(Itz Fitz Music, CD)
Vermont-based singer-songwriter Patrick Fitzsimmons  is a familiar presence in the Green Mountain acoustic scene. A former member of major-label folk-rockers From Good Homes, Fitzsimmons has enjoyed a fair measure of success as a solo performer. His latest release, Live 2005: The Birthday Sessions, finds him on his former New Jersey stomping grounds backed by a full band.
Fitzsimmons trades in humble acoustic pop that's agreeable, if safe. With his honeyed voice and relaxed strumming, Fitzsimmons sounds custom-made for adult-contemporary radio.
Following a brief round of applause, the disc kicks off with "Come to Me," a breathy ballad saddled with romantic platitudes. Like an overenthusiastic paramour, the tune gets a bit cloying. I did enjoy Leena Gilbert's lovely violin work, however.
"Vermont Skies" follows a similar trajectory, with sensitive lyrics and tactful accompaniment. Percussionist Ned Stroh keeps things on a simmer, while upright bassist Rob Meehan provides surefooted low end. The instrumentation is pleasant, but the arrangement is fairly predictable.
Fitzsimmons is at his most convincing on minor-key numbers such as "Forgiving You." "You turn away from me now in disgrace / "To fight the war between your love and hate," he sings with just a hint of acerbity. Unfortunately, the song's mawkish chorus saps it of any real edge. "It's all right, it's OK / tomorrow brings another day for you and me," he continues. Things would likely be more interesting if Fitzsimmons was less sympathetic.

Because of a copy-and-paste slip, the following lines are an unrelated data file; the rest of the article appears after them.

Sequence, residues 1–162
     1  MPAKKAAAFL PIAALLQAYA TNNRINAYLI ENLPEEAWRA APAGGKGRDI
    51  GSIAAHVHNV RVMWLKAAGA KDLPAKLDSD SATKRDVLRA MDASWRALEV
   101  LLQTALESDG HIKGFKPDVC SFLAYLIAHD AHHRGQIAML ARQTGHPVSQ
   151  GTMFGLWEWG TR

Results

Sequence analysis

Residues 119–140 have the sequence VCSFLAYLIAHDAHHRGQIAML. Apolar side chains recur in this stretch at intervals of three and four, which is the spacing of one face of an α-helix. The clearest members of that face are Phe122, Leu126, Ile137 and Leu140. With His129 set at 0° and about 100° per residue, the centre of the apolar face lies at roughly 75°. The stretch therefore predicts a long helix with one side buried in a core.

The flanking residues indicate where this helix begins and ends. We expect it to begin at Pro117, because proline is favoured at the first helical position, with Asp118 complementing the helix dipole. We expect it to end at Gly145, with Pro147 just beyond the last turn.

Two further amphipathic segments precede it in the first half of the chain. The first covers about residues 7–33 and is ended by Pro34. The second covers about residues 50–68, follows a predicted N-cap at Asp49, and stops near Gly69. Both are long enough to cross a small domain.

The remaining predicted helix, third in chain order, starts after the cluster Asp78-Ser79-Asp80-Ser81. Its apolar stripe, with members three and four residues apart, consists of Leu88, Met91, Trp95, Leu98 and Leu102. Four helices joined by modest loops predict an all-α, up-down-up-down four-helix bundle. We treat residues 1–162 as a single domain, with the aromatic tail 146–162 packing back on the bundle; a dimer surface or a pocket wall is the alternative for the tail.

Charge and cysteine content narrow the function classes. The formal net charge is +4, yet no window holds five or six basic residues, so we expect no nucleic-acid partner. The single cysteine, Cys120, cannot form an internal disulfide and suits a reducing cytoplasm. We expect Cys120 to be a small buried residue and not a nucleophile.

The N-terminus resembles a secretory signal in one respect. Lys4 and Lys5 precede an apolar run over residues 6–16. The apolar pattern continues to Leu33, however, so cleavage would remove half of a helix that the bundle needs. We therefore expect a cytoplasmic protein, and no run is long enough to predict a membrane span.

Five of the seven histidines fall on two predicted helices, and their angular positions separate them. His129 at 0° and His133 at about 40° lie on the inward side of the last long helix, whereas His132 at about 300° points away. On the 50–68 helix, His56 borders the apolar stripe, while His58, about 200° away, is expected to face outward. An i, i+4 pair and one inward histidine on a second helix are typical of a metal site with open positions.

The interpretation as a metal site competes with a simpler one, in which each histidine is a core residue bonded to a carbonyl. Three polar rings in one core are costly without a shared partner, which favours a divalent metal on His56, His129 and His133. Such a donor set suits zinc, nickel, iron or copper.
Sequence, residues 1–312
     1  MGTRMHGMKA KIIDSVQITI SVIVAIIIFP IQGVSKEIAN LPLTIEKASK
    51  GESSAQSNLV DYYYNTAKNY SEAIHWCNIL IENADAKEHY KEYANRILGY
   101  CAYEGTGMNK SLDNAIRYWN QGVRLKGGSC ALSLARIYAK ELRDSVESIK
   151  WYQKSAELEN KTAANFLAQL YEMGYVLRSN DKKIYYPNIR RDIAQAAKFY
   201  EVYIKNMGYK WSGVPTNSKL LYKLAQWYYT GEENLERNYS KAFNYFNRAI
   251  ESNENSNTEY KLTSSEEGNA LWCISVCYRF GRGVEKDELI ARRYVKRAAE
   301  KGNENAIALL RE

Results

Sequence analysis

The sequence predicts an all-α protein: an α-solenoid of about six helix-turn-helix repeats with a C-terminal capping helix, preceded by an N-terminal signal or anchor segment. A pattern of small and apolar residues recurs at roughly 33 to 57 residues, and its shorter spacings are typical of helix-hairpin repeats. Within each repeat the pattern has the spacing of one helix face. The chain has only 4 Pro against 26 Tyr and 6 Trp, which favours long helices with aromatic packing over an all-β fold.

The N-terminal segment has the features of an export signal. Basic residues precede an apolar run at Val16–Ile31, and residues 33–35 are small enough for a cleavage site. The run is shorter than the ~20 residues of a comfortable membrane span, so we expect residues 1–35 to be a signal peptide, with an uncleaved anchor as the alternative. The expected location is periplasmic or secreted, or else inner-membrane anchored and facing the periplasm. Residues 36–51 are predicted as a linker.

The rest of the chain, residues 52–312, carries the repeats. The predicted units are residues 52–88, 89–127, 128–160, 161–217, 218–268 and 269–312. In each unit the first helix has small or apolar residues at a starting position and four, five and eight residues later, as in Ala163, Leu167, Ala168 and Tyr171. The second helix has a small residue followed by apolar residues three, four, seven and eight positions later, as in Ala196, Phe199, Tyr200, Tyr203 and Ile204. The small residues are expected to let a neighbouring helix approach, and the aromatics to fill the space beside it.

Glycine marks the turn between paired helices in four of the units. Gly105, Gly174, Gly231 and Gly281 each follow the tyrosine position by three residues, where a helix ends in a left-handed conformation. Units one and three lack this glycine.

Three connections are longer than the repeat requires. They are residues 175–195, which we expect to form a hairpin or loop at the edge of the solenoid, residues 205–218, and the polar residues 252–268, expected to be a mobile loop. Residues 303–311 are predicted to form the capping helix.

"Autumn" features chiming acoustic guitar and a brisk pop vocal. "Little hand held my thumb so tight / How could I know time would fly so fast with you," Fitzsimmons sings. It's all very soothing, but I couldn't stop thinking about diaper ads.
I was pleased to hear a cover of "That's the Way," from Led Zeppelin III. It's always been an overlooked song in the Zep canon, and Fitzsimmons turns in a respectable version.
"His Father's Son" is a look at familial bonds, underscored by luxurious strings and reflective piano. Subsequent track "Dance" has a lot more bounce. Backed by vigorous hand drumming, Fitzsimmons brays about beating his boogie-phobia.
The piano-led "Old Blue Heart" is about taking the time to notice life's beauty. At least I think it is. After so many wistful ballads, it's hard to stay focused.
Fitzsimmons is well cast in the role of grown-up crooner, as Live 2005 ably proves. In his case, however, a little immaturity might go a long way.